But let’s hit pause for a second: has your brain started melting yet? Do you have the sudden urge to close this tab in your browser and do or read something else, something a little less mind-bending, instead? Puzzling over the objectivity of history is a rabbit hole you might not want to go down – after all, academics have been arguing about it for centuries and I am absolutely confident that I won’t be able to solve it in a random blog entry, as much I’d love to. So, what CAN we do, then? Why write this blog at all if it only involves more groping in the dark?

Well, thanks for asking! What we can do, I believe, is think about the issue on a micro-level. We can have a look at individual works of historical fiction and examine how the respective authors have decided to approach the matter. Focusing on novels and movies which centre around the experiences of forgotten women, we can ask questions like: how are these women’s stories told? How are they framed? How were they received by audiences and critics, and what about the fact-fiction ratio in these pieces, i.e. to what extent did the author decide to stick to known ‘facts’? Hopefully, this will give us an idea of some of the advantages and disadvantages, of the gains and risks, of historical fiction, making us able to appreciate these narratives while at the same time opening our eyes to some of their downsides.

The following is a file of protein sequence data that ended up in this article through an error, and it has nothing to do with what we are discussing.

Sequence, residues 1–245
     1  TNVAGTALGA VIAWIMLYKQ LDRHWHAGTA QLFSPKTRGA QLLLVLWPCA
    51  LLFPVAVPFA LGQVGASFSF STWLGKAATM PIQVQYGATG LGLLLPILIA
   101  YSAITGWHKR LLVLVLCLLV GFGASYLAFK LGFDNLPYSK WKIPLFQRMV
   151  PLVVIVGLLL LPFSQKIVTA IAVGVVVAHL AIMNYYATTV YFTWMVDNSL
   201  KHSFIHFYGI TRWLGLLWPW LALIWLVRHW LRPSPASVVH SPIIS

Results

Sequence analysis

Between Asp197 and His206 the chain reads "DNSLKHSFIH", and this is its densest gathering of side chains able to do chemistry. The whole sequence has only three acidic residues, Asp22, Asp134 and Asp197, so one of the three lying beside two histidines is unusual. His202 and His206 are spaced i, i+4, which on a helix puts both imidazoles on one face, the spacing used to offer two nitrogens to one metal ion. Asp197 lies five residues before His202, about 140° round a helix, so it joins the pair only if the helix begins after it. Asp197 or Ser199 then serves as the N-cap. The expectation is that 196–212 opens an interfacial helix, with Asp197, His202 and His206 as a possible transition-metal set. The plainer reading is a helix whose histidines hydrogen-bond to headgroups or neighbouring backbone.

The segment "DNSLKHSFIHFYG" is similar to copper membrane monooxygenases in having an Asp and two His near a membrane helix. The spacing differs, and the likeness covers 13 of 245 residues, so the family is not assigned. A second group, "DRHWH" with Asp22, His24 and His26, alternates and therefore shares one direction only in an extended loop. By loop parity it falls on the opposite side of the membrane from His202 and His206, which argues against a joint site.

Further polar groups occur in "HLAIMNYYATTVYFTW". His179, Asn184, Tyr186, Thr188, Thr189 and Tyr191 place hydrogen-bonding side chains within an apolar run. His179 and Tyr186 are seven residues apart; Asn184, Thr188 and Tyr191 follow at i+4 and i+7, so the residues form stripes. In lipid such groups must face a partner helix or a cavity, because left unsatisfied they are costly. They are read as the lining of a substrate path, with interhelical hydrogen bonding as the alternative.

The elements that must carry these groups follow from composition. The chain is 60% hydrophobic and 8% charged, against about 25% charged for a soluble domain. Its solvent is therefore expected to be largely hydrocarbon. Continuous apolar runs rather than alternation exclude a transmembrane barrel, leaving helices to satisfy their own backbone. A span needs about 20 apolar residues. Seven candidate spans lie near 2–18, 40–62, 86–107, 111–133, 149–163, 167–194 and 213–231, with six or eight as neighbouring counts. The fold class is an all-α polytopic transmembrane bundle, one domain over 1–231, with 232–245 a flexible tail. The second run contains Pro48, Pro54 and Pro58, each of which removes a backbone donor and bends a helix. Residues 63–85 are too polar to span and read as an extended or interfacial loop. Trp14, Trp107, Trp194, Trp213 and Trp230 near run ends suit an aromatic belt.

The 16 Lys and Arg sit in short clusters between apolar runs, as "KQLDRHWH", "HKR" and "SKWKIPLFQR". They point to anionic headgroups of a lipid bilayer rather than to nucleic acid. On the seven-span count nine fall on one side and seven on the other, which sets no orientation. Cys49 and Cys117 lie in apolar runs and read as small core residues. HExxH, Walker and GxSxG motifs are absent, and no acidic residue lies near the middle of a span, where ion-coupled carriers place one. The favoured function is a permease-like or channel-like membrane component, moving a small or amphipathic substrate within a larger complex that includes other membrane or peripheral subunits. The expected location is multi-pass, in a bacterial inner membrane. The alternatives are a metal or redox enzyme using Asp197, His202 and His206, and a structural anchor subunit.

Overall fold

Historical Fiction under the Microscope: Hidden Figures

To start us off, let’s have a look at a US-American movie that might have helped some of you answer question number one of the quiz earlier: Hidden Figures, starring, amongst others, actresses Taraji P. Henson, Octavia Spencer, and Janelle Monáe.

The image shows the marketing poster for the 2016 movie Hidden Figures.